Integrated Circuit with bottom pads
More difficult now ! This tutorial addresses the soldering of a Quad Flat No-lead package (QFN). As the name tells us, there is no lead pins. Connections are made by pads located on the bottom surface of the package.
The picture below shows a 3x3mm QFN package and the targeted footprint. Note that the footprint misses the central pad. Soldering of the central pad is not always "electrically mandatory". In some cases, QFN central pad is there for thermal and mechanical concerns only. It's clearly not recommended to leave this pad without soldering, although this makes the DIY process a little bit easier.
The secret for soldering success lies in the preparation of both the footprint and the device. Be patient, use flux, bring tin, clean with alcohol, and repeat until both footprint and device are ready for final reflow.
Step 1: Prepare the PCB footprint. That part is pretty easy using flux.
Step 2: Prepare the device. Basically it is the same process as above. You need some kind of setup to hold the device during operation. Here, I'm using inverted tweezers and third hand tool to keep the device (barely) steady. You can change device orientation in the tweezers to get easy access of all edges. The most difficult thing, in the demo below, is to avoid wetting the central pad. In most cases, you'll want to wet the central pad altogether with the ring pads. If so, carefully keep the amount of tin on the central pad very low. Basically you want the same tin thickness everywhere. A higher bump on the central pad prevents good soldering of the ring pads because the device will be center-lifted. If there's too much tin somewhere, use desoldering braid. Again, be patient.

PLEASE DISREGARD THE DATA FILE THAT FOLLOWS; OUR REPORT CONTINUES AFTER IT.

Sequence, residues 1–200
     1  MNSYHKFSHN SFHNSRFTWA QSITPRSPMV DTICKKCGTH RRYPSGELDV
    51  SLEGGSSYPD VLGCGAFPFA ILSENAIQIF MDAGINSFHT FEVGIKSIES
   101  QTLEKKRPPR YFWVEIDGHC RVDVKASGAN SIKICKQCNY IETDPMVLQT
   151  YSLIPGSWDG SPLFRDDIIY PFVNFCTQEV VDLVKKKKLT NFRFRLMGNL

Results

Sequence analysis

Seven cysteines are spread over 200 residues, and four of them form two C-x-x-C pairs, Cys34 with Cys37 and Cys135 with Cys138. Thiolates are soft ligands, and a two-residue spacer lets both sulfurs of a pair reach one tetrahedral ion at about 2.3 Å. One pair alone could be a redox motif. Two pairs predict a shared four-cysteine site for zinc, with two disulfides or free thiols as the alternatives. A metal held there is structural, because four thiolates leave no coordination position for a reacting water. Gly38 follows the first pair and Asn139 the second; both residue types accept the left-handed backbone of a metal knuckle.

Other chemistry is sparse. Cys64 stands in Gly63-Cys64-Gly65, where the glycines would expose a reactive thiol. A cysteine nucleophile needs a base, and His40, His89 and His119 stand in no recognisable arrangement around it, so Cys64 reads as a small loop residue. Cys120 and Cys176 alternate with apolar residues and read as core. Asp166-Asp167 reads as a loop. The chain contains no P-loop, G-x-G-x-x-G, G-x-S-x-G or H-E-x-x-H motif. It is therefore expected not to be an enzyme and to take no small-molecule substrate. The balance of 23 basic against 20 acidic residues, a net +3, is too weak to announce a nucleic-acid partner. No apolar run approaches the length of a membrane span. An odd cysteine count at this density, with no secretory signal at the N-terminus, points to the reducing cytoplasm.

Use alcohol to clean up the device when you're done.
At this step, you have a clean prepared footprint, and a clean prepared device. All is well, you've done the most difficult part.
Locate the device pin #1 and prepare correct device orientation:
Step 3: Let the magic operate! Try to keep the device centered on the footprint with very light tweezers action and apply a very gentle, hot air flow. It takes some time to get all the pins reflow but if you pay attention, you can see the very moment the device goes self-centered by melted tin surface tension. You need to relax pressure on the tweezers as reflow goes on. That's the trickiest part...
Wait some seconds for cooling down and make sure that the device is perfectly laid down flat on the PCB:
You may want to rework/reflow pads you feel missing some tin: